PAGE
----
A new biology makerspace, called the “BioMakerspace,” is scheduled to open this coming IAP in the basement of Building 26. The space, which is currently under construction, will be open to “the entirety of the MIT community” to be “used for whatever the student users really want to use it for,” said Justin Buck PhD ’12 in an interview with The Tech. Buck is the manager of the BioMakerspace and is currently overseeing its construction.
The Student Committee on Campus Climate and Policies around Discrimination and Misconduct will “investigate systemic injustices on campus and their corrallaries.” The Student Committee on Guidelines for Outside Engagements “will review and discuss MIT core values and the metrics by which outside engagements should be evaluated.”
The U.S. Department of Transportation (DOT) held a groundbreaking ceremony Oct. 30 to celebrate the start of construction for the new John A. Volpe Transportation Systems Center in Kendall Square. The construction of the new facility is expected to be completed in 2023.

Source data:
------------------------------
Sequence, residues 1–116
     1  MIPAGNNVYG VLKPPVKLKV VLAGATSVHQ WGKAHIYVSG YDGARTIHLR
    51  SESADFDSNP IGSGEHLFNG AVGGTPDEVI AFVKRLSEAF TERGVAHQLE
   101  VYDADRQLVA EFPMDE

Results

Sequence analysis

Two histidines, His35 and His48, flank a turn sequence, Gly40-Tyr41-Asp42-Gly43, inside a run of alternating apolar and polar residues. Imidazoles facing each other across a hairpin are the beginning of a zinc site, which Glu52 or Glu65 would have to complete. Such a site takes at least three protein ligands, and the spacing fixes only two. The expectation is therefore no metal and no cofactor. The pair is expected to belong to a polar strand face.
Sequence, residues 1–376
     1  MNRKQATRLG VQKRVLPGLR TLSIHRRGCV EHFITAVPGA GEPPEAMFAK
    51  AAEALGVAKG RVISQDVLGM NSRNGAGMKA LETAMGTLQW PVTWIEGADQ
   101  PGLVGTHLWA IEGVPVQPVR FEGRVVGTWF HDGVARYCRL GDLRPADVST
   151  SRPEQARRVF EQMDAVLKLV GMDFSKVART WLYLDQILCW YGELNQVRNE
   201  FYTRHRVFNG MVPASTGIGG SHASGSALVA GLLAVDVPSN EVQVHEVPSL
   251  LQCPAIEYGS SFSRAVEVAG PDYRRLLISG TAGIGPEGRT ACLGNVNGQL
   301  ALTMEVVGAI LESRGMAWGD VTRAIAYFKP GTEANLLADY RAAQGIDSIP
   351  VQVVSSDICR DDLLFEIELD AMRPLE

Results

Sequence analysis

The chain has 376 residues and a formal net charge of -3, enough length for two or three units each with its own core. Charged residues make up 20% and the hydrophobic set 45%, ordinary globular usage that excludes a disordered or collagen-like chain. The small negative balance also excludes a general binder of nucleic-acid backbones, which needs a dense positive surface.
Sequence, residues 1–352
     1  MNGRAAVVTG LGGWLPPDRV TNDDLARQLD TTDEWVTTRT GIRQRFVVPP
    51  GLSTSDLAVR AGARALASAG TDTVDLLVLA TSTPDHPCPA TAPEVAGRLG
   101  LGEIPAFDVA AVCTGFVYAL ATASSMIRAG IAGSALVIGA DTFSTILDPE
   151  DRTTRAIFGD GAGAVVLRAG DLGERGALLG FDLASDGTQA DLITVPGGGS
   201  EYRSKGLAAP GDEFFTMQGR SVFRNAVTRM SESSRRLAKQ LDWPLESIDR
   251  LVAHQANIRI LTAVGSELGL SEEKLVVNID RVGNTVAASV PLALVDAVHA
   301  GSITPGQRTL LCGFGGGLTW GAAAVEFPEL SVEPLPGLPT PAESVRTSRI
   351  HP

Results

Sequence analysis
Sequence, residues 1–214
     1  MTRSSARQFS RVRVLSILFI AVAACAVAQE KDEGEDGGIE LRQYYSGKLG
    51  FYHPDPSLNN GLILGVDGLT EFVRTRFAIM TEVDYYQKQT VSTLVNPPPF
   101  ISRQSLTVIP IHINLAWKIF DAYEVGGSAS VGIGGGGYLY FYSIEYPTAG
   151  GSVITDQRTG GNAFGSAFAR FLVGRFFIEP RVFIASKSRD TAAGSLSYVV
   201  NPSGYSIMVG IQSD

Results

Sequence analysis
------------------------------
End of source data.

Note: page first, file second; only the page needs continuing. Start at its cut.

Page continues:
Currently, students participating in UROPs that meet these conditions are required to sign the IPIA, but under the new policy, all students will be required to sign it during the UROP application process.
House Democrats proposed the College Affordability Act Oct. 15. According to the Education and Labor Committee website, the act is a “comprehensive overhaul of the higher education system” aimed at lowering costs and expanding educational access for college students.
Imagine the outcomes if MIT admins would open their eyes to the realities of students' lives rather than constantly asking them to open their hearts for this mental health officer or at that counselling service office.
Alicja Kwade’s ‘In Between Glances’ is on display at the MIT List Visual Arts Center. Featuring unique sculptures such as her ‘Reconstituted Objects and A Light Touch of Technology,’ the exhibit is a perfect fit for the venue at the intersection of art and technology.
‘SpongeBob SquarePants,’ the musical, never takes itself seriously, but the number of serious messages it manages to pass to the audience is quite impressive. It serves as simple entertainment, uplifting message, or clever exposé of some of our social problems, all at the same time.
Since its founding in 1995, the Hammond Lab has been an integral part of the Koch Institute for Integrative Cancer Research, developing nanoparticles that encapsulate and release drugs to reprogram cancer cells. Chemical engineering department head Paula Hammond ’84, Ph.D ’94 leads research initiatives that range from designing thin films for tissue regeneration to embedding nucleic acids into nanomaterials to silence cancer cell expression.